Tulsa Ballet company members practice morning pliés. Photo by Francisco Estevez. Photo taken from Dance Magazine article link above.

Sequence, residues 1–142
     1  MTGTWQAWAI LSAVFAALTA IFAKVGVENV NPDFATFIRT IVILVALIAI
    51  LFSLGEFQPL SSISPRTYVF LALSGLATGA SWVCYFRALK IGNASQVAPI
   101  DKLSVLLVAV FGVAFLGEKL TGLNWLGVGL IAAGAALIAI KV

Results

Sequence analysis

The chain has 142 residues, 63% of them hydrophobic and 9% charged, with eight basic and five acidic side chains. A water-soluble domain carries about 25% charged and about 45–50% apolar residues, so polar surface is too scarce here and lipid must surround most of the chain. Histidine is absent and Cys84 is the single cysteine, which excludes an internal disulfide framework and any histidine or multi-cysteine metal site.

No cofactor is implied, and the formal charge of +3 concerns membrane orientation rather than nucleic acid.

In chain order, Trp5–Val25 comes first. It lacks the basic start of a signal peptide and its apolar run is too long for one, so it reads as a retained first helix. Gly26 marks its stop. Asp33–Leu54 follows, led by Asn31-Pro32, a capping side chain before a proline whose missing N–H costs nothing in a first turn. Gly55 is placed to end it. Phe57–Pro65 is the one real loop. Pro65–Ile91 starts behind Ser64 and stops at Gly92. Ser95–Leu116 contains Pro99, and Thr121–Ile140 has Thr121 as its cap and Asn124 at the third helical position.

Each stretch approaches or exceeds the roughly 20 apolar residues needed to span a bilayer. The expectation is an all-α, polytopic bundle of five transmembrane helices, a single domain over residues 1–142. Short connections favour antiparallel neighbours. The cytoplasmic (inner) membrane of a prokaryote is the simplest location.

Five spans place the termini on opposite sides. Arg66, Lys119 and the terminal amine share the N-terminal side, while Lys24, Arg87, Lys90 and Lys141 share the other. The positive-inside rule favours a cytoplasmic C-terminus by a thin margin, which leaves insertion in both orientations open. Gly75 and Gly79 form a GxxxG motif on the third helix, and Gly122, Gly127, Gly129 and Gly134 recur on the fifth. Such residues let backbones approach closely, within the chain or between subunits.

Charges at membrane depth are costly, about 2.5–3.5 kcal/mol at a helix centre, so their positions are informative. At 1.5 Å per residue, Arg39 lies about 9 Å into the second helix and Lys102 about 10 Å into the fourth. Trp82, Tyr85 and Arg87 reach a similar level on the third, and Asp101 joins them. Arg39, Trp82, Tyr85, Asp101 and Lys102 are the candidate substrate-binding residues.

Many of us teachers have been discussing for some time the purpose of ballet training outside of a classical work and I'm thrilled to see the conversation presented in a widely circulated publication. It's overdue to see that ballet training is a tool, the first step towards obtaining freedom of artistic expression. For most dancers ballet class is a method of conditioning the body. Accessing the greatest range of motion, getting in touch with the subtleties of movement, the precision of balance, and the generation of momentum. At least this is my view of it. The article possibly questions the usefulness of barre work. The work done at barre is for developing individual components of dance movement. When stepping away and entering the center the challenge of balance is then added. The article mentions a study of the work done by the supporting leg at barre versus center. Of course the leg works more at center, now the challenge of balance is present. Barre is the warm up so to speak. It better prepares the dancer for the next challenge. If barre work was shortened or omitted all together then a dancers body might possibly not achieve the same level of articulation nor gain access to their maximum range of motion. I think that what may be missing from many ballet classes is the explanation of why the exercises are being done. What their purpose is and to give the dancer a goal. No one should be expected to mindlessly follow instructions. Intention is everything and the teacher should be the inspiration and mentor who cultivates the artist.